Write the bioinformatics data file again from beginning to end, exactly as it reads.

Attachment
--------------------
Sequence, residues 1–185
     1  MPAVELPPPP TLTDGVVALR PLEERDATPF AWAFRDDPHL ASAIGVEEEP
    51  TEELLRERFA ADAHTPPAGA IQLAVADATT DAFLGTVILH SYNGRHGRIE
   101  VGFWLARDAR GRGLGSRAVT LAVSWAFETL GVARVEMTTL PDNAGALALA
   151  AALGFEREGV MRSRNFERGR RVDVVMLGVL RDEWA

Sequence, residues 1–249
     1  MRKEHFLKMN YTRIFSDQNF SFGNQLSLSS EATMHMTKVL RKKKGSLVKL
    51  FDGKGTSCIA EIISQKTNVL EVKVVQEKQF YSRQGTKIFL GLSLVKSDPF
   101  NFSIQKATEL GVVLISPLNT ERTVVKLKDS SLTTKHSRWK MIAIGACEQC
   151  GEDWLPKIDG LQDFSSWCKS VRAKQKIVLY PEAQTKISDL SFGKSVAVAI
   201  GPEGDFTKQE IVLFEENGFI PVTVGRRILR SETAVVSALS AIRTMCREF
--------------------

Sequence, residues 1–185
     1  MPAVELPPPP TLTDGVVALR PLEERDATPF AWAFRDDPHL ASAIGVEEEP
    51  TEELLRERFA ADAHTPPAGA IQLAVADATT DAFLGTVILH SYNGRHGRIE
   101  VGFWLARDAR GRGLGSRAVT LAVSWAFETL GVARVEMTTL PDNAGALALA
   151  AALGFEREGV MRSRNFERGR RVDVVMLGVL RDEWA

Sequence, residues 1–249
     1  MRKEHFLKMN YTRIFSDQNF SFGNQLSLSS EATMHMTKVL RKKKGSLVKL
    51  FDGKGTSCIA EIISQKTNVL EVKVVQEKQF YSRQGTKIFL GLSLVKSDPF
   101  NFSIQKATEL GVVLISPLNT ERTVVKLKDS SLTTKHSRWK MIAIGACEQC
   151  GEDWLPKIDG LQDFSSWCKS VRAKQKIVLY PEAQTKISDL SFGKSVAVAI
   201  GPEGDFTKQE IVLFEENGFI PVTVGRRILR SETAVVSALS AIRTMCREF